What's Your Problem?

Seth

Now that New York has approved it, gay marriage seems to be on the way. Critics argue that it will entice more people to come over to the gay side. My question is: Do you think gay marriage will cause some men and women who are straight to experiment with the gay life? How will I know if my husband is turning gay?

C.F., Hartford, Conn.

Dear C.F.,

Here are some ways to determine whether your husband may be turning gay:

After you load the dishwasher, does he take out all the dishes and rearrange them to make them fit in a more orderly fashion?

Has he recently shown an interest in fabric? Specifically, has he expressed an interest in picking out new fabrics for the living-room couch?

Does he know the lyrics to all the songs in Pippin?

Has he expressed a desire to have sexual intercourse with Colin Farrell and then settle down with him on the sunny Spanish island of Ibiza?

You know, as I look over this list, I realize that I myself fulfill 75 percent of the requirements for incipient gay husbandry, though I’ll decline to reveal which ones.

I frequently see trucks and delivery vehicles with a sign on the back that reads How Am I Driving? and then provides an 800 number to report bad driving. I have often called these numbers, but now a friend of mine is telling me that this practice is degrading to the people who drive these trucks. It appears to me that this is a common-sense way to keep the roads safe. Who is right?

A.F., Boston, Mass.

Dear A.F.,

Even though you live in Boston, where drivers must prove their blindness to the DMV before receiving licenses, I would still argue against this practice. Imagine physicians being forced to wear white coats emblazoned with the message Did That Prostate Exam Hurt Too Much? followed by an 800 number. Or lawyers walking around with signs pinned to their backs saying Did My Incompetence Guarantee Your Conviction? They wouldn’t allow themselves to be demeaned this way. Are blue-collar workers any less human?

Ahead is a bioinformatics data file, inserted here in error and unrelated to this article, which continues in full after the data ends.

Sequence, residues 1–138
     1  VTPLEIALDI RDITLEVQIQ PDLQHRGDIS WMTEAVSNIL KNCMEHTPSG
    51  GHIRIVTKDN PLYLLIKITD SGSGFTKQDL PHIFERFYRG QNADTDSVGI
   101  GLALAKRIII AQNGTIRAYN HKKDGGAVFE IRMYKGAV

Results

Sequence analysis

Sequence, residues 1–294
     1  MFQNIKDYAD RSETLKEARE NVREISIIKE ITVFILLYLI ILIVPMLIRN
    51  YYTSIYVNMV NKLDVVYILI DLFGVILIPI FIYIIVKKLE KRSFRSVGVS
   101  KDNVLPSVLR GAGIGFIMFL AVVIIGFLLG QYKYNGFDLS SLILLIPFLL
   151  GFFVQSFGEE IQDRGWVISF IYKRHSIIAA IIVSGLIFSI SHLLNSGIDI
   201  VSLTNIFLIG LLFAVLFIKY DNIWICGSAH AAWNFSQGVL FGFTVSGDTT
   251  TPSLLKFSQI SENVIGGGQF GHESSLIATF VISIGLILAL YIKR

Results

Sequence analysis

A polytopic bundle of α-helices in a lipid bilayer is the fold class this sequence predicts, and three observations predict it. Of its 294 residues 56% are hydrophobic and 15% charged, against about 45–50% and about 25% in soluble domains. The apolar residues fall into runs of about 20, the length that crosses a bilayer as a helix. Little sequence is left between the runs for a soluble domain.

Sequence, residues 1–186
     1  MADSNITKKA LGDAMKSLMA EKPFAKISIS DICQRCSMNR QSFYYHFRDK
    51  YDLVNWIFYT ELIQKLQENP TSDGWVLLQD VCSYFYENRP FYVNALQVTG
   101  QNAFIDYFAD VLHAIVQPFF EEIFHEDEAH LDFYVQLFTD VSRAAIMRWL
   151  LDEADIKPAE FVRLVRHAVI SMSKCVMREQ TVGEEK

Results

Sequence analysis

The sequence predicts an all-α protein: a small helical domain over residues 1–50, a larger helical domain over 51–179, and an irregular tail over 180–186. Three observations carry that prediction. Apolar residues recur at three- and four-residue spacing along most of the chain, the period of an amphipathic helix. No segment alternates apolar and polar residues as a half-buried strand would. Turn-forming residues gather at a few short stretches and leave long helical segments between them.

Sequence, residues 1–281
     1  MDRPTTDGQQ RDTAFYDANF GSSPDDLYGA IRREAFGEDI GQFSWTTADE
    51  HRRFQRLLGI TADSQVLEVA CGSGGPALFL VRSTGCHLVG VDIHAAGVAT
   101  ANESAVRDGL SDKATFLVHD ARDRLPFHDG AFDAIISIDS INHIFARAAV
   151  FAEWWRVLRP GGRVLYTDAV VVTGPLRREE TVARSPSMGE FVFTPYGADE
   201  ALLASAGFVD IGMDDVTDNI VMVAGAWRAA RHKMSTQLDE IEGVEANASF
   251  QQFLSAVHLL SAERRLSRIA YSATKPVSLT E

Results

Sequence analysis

One often hears sports announcers and analysts declare that athletes or teams must “take it to the next level.” How many levels are there? Also, these same broadcasters tell us that individuals or teams “leave it all on the field” (or court, or ice). What, exactly, is “it”? And who is responsible for cleaning it up?

R.C., Temple, Texas

Dear R.C.,

There are 10 levels. This is true in life, as in sports. Contrary to popular opinion, there is no Level 11. Right now, I am operating at Level 3. If this were a question about relationships, or other such mysteries, I would have to “take it to the next level,” meaning Level 4. As for what, exactly, the athletes are meant to leave on the field, this depends on the sport. In professional football, many players leave parts of their brains, and any hope of a long, happy life.

Should I erase e-mails that people who are dead have sent me? This seems wrong somehow.

C.D., Seattle, Wash.

Dear C.D.,

Your letter is worded ambiguously. If you are referring to e-mails sent to you by people who subsequently have died, I would suggest that you review them carefully, keeping in mind the senders’ families. Any e-mails that contain suggestions of compassion, or wit, or some other positive attribute, I would consider sharing, as a comforting and loving gesture. If, on the other hand, you are suggesting that actual dead people are sending you messages, I would strongly recommend switching e-mail providers.

Presented by

Jeffrey Goldberg is a national correspondent for The Atlantic and a recipient of the National Magazine Award for Reporting. He is the author of Prisoners: A Story of Friendship and Terror. More

Before joining The Atlantic in 2007, Goldberg was a Middle East correspondent, and the Washington correspondent, for The New Yorker. He was previouslly a correspondent for The New York Times Magazine and New York magazine. He has also written for the Jewish Daily Forward and was a columnist for The Jerusalem Post.

Goldberg's book Prisoners was hailed as one of the best books of 2006 by the Los Angeles Times, The New York Times, The Washington Post, Slate, The Progressive, Washingtonian magazine, and Playboy. He received the 2003 National Magazine Award for Reporting for his coverage of Islamic terrorism and the 2005 Anti-Defamation League Daniel Pearl Prize. He is also the winner of the International Consortium of Investigative Journalists prize for best international investigative journalist; the Overseas Press Club award for best human-rights reporting; and the Abraham Cahan Prize in Journalism.

In 2001, Goldberg was appointed the Syrkin Fellow in Letters of the Jerusalem Foundation, and in 2002 he became a public-policy scholar at the Woodrow Wilson International Center for Scholars in Washington, D.C.

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